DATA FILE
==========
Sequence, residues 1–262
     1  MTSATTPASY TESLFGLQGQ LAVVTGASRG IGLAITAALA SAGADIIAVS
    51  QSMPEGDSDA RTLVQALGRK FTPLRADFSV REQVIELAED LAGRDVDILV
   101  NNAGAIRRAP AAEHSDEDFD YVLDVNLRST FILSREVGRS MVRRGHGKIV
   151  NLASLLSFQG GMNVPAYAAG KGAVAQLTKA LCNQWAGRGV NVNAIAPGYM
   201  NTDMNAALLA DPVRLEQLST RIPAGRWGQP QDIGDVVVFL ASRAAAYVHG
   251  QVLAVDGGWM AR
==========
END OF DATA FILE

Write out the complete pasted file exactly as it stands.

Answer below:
Sequence, residues 1–262
     1  MTSATTPASY TESLFGLQGQ LAVVTGASRG IGLAITAALA SAGADIIAVS
    51  QSMPEGDSDA RTLVQALGRK FTPLRADFSV REQVIELAED LAGRDVDILV
   101  NNAGAIRRAP AAEHSDEDFD YVLDVNLRST FILSREVGRS MVRRGHGKIV
   151  NLASLLSFQG GMNVPAYAAG KGAVAQLTKA LCNQWAGRGV NVNAIAPGYM
   201  NTDMNAALLA DPVRLEQLST RIPAGRWGQP QDIGDVVVFL ASRAAAYVHG
   251  QVLAVDGGWM AR